订阅

多平台阅读

微信订阅

杂志

申请纸刊赠阅

订阅每日电邮

移动应用

最新文章

Why Microsoft and Yahoo had to do a deal

2009年07月30日


    By Patricia Sellers

    “Every key word that every advertiser in every part of the world would put on Google, I want on our system.”

    That’s what Microsoft (MSFT) CEO Steve Ballmer declared last month when I interviewed him onstage at the Cannes Lions International Advertising Festival. He also confessed one great regret since he took the helm from Bill Gates a decade ago: “We should have been earlier in search.”

    So, if you’re at all surprised that Microsoft has at last sealed its hard-fought search deal with Yahoo (YHOO), you shouldn’t be. This partnership, as messy as it was in coming, had to happen.

    Under the terms of the 10-year revenue-sharing partnership announced this morning, Microsoft’s new Bing search engine will handle searches on Yahoo.com. And Yahoo will use its sales force to serve premium advertisers. The joint venture will help Ballmer get the heft he needs to better compete with Google (GOOG). Meanwhile, it will help Carol Bartz, Yahoo’s CEO, who has been working to revive the company since she came on board six months ago from Autodesk (ADSK), to focus on advertising and content–and, according to Yahoo, to increase operating income by some $500 million annually.

    This deal follows last year’s failed attempt by Microsoft to buy Yahoo for $47.5 billion. Last month, after Microsoft launched Bing, some observers (including me) ventured that its early success might diminish the company’s urgency to chase a Yahoo partnership. Watch the video below to see Ballmer’s boisterous response to my query about that. “When you have two players that are fairly low-share, sitting in an advertiser’s shoes, you have to decide how many of the search engines do you bid on, and how many key words do you bid on per platform?” he told an audience of about 1,000 in Cannes last month. “More people, more advertisers bid on more keywords on Google than on Yahoo or Microsoft–even more dramatically outside the U.S. than in.”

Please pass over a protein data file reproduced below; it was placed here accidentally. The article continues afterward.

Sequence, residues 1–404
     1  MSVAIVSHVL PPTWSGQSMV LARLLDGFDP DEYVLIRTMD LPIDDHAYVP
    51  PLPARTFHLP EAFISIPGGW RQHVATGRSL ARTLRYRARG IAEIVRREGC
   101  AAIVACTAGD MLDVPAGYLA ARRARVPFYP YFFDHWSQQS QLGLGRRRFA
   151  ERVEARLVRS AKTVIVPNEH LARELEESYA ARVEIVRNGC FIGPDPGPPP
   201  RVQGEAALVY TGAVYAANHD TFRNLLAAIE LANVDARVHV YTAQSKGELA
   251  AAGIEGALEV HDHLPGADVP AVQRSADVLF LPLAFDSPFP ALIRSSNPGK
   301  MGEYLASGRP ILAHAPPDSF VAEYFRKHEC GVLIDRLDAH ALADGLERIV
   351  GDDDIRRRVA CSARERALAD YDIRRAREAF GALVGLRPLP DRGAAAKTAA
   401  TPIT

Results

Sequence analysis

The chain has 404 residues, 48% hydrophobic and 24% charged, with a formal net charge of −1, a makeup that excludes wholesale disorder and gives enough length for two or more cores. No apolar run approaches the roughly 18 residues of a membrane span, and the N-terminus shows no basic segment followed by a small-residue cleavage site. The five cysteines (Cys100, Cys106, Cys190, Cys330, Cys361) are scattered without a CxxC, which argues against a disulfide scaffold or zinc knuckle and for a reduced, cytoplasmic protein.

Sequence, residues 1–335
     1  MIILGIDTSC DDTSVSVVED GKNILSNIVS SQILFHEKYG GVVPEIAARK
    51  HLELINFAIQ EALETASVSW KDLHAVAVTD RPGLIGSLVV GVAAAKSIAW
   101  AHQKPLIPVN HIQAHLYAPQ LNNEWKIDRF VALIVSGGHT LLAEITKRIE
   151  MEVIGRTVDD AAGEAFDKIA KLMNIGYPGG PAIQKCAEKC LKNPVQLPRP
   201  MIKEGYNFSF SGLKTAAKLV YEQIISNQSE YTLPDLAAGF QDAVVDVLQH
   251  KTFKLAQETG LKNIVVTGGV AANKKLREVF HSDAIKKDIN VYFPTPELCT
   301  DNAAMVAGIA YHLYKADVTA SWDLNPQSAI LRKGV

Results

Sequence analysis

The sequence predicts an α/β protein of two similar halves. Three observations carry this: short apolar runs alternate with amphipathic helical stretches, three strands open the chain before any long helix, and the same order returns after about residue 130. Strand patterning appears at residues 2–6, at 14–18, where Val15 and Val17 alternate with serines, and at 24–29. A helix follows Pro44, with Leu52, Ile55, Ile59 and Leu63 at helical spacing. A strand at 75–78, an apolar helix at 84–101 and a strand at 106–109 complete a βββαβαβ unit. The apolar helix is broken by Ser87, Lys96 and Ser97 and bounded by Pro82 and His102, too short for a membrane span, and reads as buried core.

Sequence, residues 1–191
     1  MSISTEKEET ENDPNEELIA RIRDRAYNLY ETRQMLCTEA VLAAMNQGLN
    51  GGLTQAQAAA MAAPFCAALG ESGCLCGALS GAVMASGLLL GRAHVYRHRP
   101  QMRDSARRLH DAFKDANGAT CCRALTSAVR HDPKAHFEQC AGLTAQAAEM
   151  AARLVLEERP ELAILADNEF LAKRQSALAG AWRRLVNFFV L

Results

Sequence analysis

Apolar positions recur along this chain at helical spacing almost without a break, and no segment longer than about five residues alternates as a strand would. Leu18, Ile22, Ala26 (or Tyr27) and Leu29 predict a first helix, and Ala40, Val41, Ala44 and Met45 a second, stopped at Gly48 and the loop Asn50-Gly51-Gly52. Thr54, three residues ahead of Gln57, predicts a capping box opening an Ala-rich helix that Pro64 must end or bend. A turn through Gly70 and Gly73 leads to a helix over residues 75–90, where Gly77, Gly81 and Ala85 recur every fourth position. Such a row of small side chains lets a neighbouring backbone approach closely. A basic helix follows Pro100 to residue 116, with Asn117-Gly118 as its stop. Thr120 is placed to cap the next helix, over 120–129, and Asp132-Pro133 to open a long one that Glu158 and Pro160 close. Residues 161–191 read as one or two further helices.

The low share in search pained Ballmer–who went on to tell the crowd about “a friend who rents apartments–mostly to American tourists. She rents apartments in Paris. If I wasn’t her friend, she would not submit bids (on Microsoft’s search engines).” Why not? With barely one-tenth of the search market, Microsoft couldn’t generate enough traffic to give a.) consumers the best search experience, or b.) give advertisers the best value.

    Turns out, committing to Bing–investing in the people and technology behind it and spending $100 million to market the new search engine–increased Microsoft’s urgency to complete a deal with Yahoo. And Yahoo, meanwhile, couldn’t bear the notion of losing its No. 2 position in search . Not that the two companies jointly threaten Google’s preeminence: Yahoo and Microsoft together control about 28% of U.S. search traffic, vs. Google’s 65%.

    Bing also gave Bartz confidence that Yahoo’s search business would be in good hands with Microsoft. At 4:55 this morning–”inhumanly early in California,” she noted—Bartz wrote in a post on Yahoo’s blog site: “This transaction will create a healthy competitor that’ll keep everyone on their toes.” She’s clearly talking about Google. And as she recuperates from a knee replacement, she’s hardly backing down. Neither is Ballmer.

我来点评

  最新文章

最新文章:

500强情报中心

财富专栏